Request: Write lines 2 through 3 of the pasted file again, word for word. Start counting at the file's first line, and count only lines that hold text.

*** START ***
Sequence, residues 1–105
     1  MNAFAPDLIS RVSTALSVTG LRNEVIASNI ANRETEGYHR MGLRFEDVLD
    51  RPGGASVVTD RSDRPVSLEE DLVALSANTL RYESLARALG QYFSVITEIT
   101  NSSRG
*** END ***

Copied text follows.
     1  MNAFAPDLIS RVSTALSVTG LRNEVIASNI ANRETEGYHR MGLRFEDVLD
    51  RPGGASVVTD RSDRPVSLEE DLVALSANTL RYESLARALG QYFSVITEIT